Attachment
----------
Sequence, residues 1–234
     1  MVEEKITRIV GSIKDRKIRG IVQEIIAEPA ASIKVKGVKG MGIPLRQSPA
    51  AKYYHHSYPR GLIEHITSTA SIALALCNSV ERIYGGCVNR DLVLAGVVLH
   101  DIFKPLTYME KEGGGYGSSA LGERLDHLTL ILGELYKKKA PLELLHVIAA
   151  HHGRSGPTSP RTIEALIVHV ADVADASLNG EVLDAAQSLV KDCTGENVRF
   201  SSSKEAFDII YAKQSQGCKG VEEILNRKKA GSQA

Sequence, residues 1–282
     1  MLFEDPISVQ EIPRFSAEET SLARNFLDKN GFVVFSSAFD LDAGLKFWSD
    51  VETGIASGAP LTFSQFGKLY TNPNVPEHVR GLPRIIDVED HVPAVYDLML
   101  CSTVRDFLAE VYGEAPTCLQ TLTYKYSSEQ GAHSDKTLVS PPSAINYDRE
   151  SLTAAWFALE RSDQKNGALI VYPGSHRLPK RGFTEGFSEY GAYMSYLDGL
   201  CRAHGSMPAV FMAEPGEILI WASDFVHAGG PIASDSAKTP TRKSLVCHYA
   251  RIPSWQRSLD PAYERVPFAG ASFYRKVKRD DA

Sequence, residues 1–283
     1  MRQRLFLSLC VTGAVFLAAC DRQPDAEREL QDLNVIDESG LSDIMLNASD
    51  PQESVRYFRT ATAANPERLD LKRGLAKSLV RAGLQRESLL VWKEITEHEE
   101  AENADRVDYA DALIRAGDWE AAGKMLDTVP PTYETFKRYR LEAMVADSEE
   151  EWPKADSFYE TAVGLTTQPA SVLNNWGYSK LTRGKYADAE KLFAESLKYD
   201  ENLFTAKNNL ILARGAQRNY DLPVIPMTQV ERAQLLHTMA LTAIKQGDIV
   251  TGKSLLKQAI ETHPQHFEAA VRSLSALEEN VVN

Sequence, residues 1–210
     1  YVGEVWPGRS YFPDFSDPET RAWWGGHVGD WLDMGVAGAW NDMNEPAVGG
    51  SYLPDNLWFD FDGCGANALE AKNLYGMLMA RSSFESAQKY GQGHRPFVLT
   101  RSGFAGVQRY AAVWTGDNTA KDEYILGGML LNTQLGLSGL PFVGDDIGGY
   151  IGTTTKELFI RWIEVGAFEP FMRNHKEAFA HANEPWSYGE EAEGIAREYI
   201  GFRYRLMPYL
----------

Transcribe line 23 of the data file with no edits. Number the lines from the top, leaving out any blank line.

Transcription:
    51  SYLPDNLWFD FDGCGANALE AKNLYGMLMA RSSFESAQKY GQGHRPFVLT